In June 2007 National Lampoon Inc announced its intention to finance, produce and distribute its own feature films. In an interview with the New York Times, Dan Laikin stated that "the company really had just been a licensing company in the ’90s. We were just licensing the name and we had no creative input. When I came in, we had to re-energize the brand and cut back on the licensing, because the only way to take control of the brand was to make sure that ultimately we put it on projects that we are proud of." Eventually, the company hopes to release four of its own films annually and acquire up to eight more for distribution. The first released was Ratko: The Dictator's Son

National Lampoon has also begun to purchase independent films and re-release them under the distinctive title of "National Lampoon Presents". The first in this series was National Lampoon Presents The Beach Party at the Threshold of Hell, which was released in 2007.

National Lampoon on the stage

In the fall of 2007, National Lampoon revived the live sketch comedy variety show, National Lampoon's Lemmings for a nationwide theatrical tour. The show consists of a multimedia presentation of live sketches written and performed by the cast, are integrated with related comedy videos.

National Lampoon's Lemmings went into production with ManiaTV! on a half-hour web-based sketch comedy show. The show and ManiaTV! have both since been discontinued.

Notable cast members included Adam Devine, Blake Anderson, Kyle Newacheck and Anders Holm of Comedy Central's Workaholics fame and Mark Gagliardi from Drunk History.

Other media

National Lampoon's Strip Poker
Released on pay-per-view in 2005 after being filmed at the Hedonism II nudist resort in Negril, Jamaica. The one-hour episodes featured various Playboy, WWE, and pin-up models competing in strip poker match-ups.
National Lampoon's Knucklehead Video
A video-sharing and social networking site featuring viral video content of extreme sports bloopers, "drunken debauchery" and the self-explanatory 'show us your butts'.
National Lampoon's Eye for an Eye
A syndicated television program that provides a variation on popular thirty-minute courtroom reality shows.
National Lampoon's Chess Maniac 5 Billion and 1
A video game from the early 1990s for the PC platform. It was a 3-D chess game with animated battle scenes between the pieces when you attacked another piece, in the style of Battle Chess.

The GSN cable television network in 2003 produced a comedy game show National Lampoon's Funny Money, hosted by Jimmy Pardo. The game featured guest comedians and the more laughs in the "funny zone" were registered, the more points were earned. The winner went on to play for a National Lampoon vacation.

2008 and 2009 prosecutions

In December 2008, federal prosecutors in Philadelphia filed charges against Dan Laikin, the former CEO of National Lampoon Incorporated, with accusations that he and two third-party stock promoters attempted to artificially inflate the company's stock price. Prosecutors say the company manipulated prices by paying kickbacks to said stock promotors to buy and hold stock, an activity which created the illusion of market interest. Prosecutors charged a total of seven people with conspiracy and securities fraud.

Since the incident, Laikin has resigned from his position as CEO. Businessman Tim Durham, a dominant shareholder who claimed to have had no involvement in the stock scandal, took over duties as CEO of National Lampoon Incorporated However the next year Tim Durham was involved in his own financial scandals, including what was alleged to be a mini Ponzi scheme.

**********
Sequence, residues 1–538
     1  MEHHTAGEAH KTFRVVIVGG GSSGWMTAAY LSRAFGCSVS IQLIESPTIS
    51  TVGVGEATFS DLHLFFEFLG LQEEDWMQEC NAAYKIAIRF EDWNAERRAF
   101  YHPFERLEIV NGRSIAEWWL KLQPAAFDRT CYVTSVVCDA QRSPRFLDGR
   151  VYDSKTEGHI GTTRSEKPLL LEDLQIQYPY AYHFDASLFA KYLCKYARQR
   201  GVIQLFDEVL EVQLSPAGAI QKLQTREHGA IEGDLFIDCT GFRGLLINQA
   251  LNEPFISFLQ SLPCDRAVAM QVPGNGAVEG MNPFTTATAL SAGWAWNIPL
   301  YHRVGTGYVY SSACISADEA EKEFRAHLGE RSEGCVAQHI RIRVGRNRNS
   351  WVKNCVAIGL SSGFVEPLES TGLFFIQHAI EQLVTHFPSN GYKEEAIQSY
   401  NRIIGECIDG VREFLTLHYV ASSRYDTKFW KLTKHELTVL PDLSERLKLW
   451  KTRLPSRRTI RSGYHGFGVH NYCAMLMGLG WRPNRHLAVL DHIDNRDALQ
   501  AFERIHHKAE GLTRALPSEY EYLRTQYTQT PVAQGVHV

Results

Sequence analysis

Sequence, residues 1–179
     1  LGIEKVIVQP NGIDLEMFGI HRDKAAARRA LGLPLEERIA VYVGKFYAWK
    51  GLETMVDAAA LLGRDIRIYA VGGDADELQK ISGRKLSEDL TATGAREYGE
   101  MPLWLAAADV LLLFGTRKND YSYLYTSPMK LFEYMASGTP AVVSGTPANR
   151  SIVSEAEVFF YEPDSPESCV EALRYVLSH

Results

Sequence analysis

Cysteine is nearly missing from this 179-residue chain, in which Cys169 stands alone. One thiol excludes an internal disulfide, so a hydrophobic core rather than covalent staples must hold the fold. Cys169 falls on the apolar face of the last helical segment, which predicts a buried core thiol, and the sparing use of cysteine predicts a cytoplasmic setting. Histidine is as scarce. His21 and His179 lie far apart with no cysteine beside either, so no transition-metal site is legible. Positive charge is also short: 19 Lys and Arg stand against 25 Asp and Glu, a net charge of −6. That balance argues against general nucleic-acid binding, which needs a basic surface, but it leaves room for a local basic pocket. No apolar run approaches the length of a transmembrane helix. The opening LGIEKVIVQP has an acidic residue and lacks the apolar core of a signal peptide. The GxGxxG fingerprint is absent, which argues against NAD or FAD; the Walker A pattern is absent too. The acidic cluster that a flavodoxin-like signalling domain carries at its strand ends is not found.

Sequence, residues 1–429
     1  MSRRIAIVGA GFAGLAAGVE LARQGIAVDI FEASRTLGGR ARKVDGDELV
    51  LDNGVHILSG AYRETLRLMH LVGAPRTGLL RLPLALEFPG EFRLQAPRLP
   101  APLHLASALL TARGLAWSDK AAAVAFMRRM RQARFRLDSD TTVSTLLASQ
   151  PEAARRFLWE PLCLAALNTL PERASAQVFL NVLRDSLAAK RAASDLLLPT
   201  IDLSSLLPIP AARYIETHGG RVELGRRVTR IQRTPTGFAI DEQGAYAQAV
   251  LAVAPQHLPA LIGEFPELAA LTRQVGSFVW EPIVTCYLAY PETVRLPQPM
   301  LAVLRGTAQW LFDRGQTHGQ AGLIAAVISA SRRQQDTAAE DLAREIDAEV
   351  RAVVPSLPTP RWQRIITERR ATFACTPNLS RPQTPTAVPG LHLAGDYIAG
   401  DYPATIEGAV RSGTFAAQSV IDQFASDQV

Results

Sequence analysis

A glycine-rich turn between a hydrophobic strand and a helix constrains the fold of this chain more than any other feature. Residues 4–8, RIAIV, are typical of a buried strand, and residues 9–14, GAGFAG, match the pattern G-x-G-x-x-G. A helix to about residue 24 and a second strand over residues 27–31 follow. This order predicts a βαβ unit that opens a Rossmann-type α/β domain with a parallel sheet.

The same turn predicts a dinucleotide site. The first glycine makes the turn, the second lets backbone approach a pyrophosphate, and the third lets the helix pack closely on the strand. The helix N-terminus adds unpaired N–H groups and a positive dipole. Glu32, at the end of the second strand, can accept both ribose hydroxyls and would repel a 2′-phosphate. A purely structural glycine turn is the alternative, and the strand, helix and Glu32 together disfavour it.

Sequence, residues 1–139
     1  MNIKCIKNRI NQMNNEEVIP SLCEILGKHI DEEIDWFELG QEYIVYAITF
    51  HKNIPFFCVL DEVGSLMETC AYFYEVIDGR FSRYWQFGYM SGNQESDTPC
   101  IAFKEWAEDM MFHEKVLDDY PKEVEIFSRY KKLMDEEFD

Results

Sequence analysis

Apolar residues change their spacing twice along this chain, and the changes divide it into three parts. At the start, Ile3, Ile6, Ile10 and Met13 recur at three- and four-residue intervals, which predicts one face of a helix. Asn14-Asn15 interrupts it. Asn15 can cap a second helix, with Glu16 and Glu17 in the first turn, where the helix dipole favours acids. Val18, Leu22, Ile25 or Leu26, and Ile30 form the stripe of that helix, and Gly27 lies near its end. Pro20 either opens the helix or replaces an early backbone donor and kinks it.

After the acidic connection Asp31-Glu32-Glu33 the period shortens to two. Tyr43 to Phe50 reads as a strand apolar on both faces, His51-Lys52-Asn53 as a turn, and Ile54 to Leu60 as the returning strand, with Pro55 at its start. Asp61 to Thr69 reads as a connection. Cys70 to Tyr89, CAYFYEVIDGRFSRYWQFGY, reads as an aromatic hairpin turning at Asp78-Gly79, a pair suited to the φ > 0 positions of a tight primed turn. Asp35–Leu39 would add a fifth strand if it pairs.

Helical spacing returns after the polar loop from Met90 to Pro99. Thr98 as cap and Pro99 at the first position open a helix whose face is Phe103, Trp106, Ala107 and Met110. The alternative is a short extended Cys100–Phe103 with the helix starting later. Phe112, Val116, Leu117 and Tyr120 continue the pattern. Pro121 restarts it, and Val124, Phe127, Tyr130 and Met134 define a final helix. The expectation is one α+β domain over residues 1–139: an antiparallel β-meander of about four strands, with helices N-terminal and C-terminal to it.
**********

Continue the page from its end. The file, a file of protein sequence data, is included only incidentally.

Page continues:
Daniel Laikin, 47, of Indianapolis and Los Angeles, the former CEO of National Lampoon, Incorporated (National Lampoon), pleaded guilty on September 23, 2009 to his role in a conspiracy to manipulate the company's stock price from March through June 2008. National Lampoon is a company based in Los Angeles that is involved primarily in media projects including feature films, television programming, online and interactive entertainment, home video and book publishing. National Lampoon owns interests in all major National Lampoon properties, including the movies Animal House and the Vacation series. National Lampoon also operates a college television network and humor website. At the time of the crime, National Lampoon was publicly traded under symbol "NLN" on the American Stock Exchange. Once this scheme became public, National Lampoon's share price lost approximately 80 percent of its value over three days. As a result, National Lampoon was removed from its listing on the American Stock Exchange and now trades as an over-the-counter or "penny stock."

As part of this conspiracy, Laikin enlisted a number of other individuals to help him artificially inflate the price of the stock. Specifically, Laikin paid kickbacks to individuals to generate buying in the stock, that was not based on free market forces, to make it appear as if there was significant interest in the stock when, in fact, there was little or no such interest. Laikin also provided non-public information to his co-conspirators, including information regarding the company's unannounced financial results. He also coordinated press releases to provide a pretext for their increased buying. Laikin's goal was to induce real buying from the public so as to artificially increase the price of the stock. As part of his plea, Laikin acknowledged that he intended to cause between $2.5 million and $7 million in losses through this scheme.

Laikin faces up to five years in prison, three years of supervised release, a $250,000 fine, and a $100 special assessment when sentenced on January 13, 2010. Laikin also faces separate civil charges from the United States Securities and Exchange Commission.

The case was investigated by the Federal Bureau of Investigation and the United States Securities and Exchange Commission. It is being prosecuted by Assistant United States Attorneys Derek A. Cohen and Louis D. Lappen.

In September 2010, a Philadelphia court sentenced Laikin to 3 years 9 months